US8890841Mar 13, 2013Nov 18, 20143M Innovative Properties CompanyCapacitive-based touch apparatus and method therefor, with reduced interference
US8896544 *Oct 21, 2009Nov 25, 2014Sony CorporationInformation processing apparatus, information processing method, program, and information processing system
US8970513Mar 17, 2011Mar 3, 2015Samsung Electronics Co., Ltd.Touch panel having deformable electroactive polymer actuator
US8982089Nov 17, 2010Mar 17, 2015Samsung Electronics Co., Ltd.Touch panel and electronic device including the same
US8994685Jul 25, 2011Mar 31, 2015Samsung Electronics Co., Ltd.Input sensing circuit and touch panel including the same
US9013443Sep 2, 2011Apr 21, 2015Samsung Electronics Co., Ltd.Touch panel and driving device for the same
US9076402 *Feb 2, 2010Jul 7, 2015Kabushiki Kaisha ToshibaLiquid crystal display device
US9104273 *Mar 2, 2009Aug 11, 2015Cypress Semiconductor CorporationMulti-touch sensing method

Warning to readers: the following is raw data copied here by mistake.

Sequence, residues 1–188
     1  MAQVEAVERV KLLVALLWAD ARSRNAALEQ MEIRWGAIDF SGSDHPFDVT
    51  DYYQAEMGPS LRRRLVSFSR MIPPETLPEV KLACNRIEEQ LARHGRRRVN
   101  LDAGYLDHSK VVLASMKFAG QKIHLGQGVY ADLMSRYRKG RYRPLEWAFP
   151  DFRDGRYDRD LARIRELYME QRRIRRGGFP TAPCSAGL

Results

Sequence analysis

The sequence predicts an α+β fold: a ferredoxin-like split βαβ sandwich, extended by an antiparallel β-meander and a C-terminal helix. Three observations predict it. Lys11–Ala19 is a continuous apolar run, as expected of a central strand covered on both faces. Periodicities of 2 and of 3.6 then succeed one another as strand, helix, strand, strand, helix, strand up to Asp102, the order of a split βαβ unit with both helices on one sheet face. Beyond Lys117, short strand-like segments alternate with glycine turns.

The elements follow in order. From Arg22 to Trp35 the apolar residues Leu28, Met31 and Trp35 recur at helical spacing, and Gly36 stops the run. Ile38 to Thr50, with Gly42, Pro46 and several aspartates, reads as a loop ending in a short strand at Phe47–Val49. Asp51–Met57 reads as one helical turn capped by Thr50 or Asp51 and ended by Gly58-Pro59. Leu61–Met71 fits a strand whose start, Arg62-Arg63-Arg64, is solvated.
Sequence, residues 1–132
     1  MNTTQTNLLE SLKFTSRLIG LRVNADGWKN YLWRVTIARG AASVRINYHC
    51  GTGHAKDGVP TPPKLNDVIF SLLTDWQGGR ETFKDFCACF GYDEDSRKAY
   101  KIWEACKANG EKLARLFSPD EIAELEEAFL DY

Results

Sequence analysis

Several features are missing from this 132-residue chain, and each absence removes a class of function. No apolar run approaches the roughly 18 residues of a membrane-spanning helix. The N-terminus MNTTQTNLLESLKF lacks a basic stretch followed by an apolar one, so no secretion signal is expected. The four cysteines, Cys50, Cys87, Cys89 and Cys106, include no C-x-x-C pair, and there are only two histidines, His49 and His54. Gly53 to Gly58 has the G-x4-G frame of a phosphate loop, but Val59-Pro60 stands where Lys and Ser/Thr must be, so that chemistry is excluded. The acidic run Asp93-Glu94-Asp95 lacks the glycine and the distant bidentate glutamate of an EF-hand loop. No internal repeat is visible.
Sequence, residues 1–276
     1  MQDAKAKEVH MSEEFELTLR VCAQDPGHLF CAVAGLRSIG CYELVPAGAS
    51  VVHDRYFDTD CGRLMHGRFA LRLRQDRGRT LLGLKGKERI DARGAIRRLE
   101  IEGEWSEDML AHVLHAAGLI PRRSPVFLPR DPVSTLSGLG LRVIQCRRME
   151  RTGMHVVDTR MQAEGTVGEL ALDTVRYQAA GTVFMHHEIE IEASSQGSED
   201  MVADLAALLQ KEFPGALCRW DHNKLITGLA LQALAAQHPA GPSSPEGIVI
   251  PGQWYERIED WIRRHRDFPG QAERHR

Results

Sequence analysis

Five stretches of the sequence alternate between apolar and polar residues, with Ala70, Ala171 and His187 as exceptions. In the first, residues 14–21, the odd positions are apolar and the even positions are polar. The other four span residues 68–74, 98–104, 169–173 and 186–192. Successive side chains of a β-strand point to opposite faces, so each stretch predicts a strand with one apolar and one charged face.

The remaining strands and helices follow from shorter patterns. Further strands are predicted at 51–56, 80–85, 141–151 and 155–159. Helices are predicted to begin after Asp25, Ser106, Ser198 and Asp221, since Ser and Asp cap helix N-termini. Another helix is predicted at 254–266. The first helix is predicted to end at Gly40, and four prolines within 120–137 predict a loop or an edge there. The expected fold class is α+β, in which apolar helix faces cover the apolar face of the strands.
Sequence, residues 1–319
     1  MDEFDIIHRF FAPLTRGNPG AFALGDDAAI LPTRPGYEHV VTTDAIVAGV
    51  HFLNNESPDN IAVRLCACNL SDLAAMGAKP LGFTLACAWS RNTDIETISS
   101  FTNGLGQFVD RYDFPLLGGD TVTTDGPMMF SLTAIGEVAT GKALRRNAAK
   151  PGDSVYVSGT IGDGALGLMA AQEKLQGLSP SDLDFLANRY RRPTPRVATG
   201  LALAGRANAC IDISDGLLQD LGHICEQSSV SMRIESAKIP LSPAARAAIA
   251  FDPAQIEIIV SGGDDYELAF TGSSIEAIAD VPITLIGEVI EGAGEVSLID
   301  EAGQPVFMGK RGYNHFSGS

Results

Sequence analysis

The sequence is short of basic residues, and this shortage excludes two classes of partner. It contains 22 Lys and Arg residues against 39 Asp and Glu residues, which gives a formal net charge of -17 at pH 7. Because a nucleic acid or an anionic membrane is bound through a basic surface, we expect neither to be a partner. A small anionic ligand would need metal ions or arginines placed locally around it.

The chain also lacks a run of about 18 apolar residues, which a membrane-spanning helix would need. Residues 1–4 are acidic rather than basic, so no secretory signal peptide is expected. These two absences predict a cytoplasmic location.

US20100149119 *Oct 21, 2009Jun 17, 2010Sony CorporationInformation processing apparatus, information processing method, program, and information processing system
US20100214261 *Aug 26, 2010Kabushiki Kaisha ToshibaLiquid crystal display device
US20110017525 *Jul 20, 2010Jan 27, 2011Kim Yoon-KiMethod and apparatus for sensing proximity touch
US20110063246 *Jun 30, 2010Mar 17, 2011Au Optronics Corp.Capacitive touch detection system and detection signal receiving and waveform shaping module
US20110193817 *Aug 11, 2011Samsung Electronics Co., Ltd.Method and apparatus compensating noise in touch panel
US20110242050 *Oct 6, 2011Samsung Electronics Co., Ltd.Method and apparatus compensating parasitic capacitance in touch panel
US20110267296 *Nov 3, 2011Sony CorporationTouch detection device, display device having touch detection function, electronic unit, and touch detection circuit